It is important to establish a culture of safety in compliance on your project sites. Creating accountability and fostering self-interest in personal safety can help you avoid a long, expensive legal dispute. When an Occupational Safety and Health Administration (OSHA) inspector visits your project site, you want to be certain that all of your employees are wearing the necessary personal protective equipment (PPE).

At Cotney Construction Law, our OSHA attorneys are dedicated to helping your team stay OSHA compliant through preventative counsel and aggressive representation. If you are issued a citation, our team can help you file a Notice of Intent to Contest to show that you are not backing down, but the best defense is established long before a dispute through education and training. In part one of this four-part series, we explored common misconceptions about prescription lenses and the risk of facial injury. In part two, we will examine the process of selecting PPE.

Selecting Suitable Eye and Face Protection for Employees

It is important to consider the specific needs of your employees when selecting eye and face protection. There are numerous options when shopping for face and eye PPE, but when looking to protect your employees in compliance with OSHA standards, it is important to consider these factors:

  • The PPE’s ability to protect against the specific workplace hazards faced by your employees.
  • The PPE should be comfortable to wear and fit properly. It should ably protect employees of all sizes.
  • The PPE should not hinder vision or movement.
  • The PPE should be durable and easy to clean.
  • The PPE should operate capably without restricting the use of any additional PPE.

Other Important Considerations Regarding PPE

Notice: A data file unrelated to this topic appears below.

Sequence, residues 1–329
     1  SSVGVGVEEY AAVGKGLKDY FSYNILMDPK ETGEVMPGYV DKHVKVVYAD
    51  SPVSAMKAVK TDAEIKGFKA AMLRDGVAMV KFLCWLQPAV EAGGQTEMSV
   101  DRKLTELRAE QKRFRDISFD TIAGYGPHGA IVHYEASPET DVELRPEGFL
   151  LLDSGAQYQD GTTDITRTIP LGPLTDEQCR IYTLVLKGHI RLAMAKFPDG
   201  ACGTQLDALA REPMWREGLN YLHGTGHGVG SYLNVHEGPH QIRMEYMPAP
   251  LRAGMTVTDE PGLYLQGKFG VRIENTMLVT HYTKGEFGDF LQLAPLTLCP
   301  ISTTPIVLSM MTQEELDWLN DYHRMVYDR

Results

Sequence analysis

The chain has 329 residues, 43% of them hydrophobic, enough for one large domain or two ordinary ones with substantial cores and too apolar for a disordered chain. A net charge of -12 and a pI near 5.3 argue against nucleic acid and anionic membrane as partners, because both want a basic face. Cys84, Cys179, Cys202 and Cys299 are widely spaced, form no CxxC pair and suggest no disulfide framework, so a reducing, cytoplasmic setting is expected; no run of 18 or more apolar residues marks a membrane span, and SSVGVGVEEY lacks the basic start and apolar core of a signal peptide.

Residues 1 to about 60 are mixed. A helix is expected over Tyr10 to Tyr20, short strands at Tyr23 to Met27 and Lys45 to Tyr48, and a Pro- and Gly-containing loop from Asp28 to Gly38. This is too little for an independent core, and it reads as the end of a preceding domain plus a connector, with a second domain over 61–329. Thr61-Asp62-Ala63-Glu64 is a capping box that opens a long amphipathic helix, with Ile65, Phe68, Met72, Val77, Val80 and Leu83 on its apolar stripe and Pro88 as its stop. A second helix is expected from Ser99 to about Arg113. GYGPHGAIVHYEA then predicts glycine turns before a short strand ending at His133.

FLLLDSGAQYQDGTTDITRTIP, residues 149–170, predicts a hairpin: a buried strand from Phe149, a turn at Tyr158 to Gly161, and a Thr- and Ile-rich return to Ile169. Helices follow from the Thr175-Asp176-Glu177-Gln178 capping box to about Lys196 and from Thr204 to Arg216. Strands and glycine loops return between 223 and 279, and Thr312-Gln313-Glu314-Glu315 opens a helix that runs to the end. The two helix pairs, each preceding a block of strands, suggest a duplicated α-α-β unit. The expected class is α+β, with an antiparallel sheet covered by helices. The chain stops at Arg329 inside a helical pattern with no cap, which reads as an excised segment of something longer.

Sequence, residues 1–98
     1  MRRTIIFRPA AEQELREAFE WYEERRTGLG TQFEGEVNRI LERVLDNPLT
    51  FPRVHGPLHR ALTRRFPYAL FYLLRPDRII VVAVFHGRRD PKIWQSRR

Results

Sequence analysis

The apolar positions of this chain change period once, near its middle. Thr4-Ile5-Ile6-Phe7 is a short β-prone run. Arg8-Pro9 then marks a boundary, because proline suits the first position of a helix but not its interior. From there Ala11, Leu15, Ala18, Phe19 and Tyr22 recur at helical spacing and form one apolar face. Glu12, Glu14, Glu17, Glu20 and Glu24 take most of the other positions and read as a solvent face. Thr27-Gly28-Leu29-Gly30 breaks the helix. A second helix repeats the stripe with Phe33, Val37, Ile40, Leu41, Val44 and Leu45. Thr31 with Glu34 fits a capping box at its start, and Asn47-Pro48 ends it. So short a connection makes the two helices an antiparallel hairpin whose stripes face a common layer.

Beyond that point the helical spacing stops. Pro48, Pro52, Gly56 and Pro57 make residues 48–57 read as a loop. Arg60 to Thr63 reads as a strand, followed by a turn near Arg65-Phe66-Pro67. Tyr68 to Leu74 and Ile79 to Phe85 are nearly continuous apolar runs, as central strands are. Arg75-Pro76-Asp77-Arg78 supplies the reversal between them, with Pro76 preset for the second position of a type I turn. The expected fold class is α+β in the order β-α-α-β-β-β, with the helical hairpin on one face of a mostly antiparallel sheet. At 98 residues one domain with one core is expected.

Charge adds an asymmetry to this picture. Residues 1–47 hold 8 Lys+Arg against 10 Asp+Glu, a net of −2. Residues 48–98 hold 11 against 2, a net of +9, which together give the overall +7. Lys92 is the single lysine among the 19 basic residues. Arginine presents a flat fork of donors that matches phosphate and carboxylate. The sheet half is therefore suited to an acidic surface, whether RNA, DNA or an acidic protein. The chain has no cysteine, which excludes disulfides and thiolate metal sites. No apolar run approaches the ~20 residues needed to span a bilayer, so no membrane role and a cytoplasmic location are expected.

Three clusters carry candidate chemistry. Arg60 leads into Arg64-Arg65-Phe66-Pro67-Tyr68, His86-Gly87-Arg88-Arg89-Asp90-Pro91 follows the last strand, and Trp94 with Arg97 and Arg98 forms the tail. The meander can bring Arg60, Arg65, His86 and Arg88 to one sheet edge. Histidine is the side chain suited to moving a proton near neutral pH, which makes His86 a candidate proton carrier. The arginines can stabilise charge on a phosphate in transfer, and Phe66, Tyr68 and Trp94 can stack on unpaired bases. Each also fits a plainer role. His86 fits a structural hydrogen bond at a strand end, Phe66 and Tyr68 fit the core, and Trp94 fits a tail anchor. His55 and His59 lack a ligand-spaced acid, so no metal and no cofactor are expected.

Keeping your team safe might seem like enough to constitute total compliance with OSHA standards, but unfortunately, this is not always true. There are many other considerations to take into account when determining which PPE is right for your team. Consider the following before purchasing eye and face PPE for your team:

  • Eye and face PPE must comply with ANSI Z87.1-1989 or be of comparable effectiveness as dictated by the standards herein.
  • Similarly, any equipment purchased before the implementation of this requirement on July 5, 1994, must observe the standards established by ANSI Z87.1-1968 or be shown to be equally effective.
  • Employers may allocate PPE based on position rather than issuing individual PPE for each employee. In this case, the employer is responsible for ensuring that all employees disinfect shared PPE after each use.
  • Employees cannot share PPE that incorporates prescription corrective lenses.

In part three and four of this four-part series, our OSHA attorneys will examine common types of eye and face PPE.

If you would like to speak with an OSHA attorney, please contact us today.

Disclaimer: The information contained in this article is for general educational information only. This information does not constitute legal advice, is not intended to constitute legal advice, nor should it be relied upon as legal advice for your specific factual pattern or situation.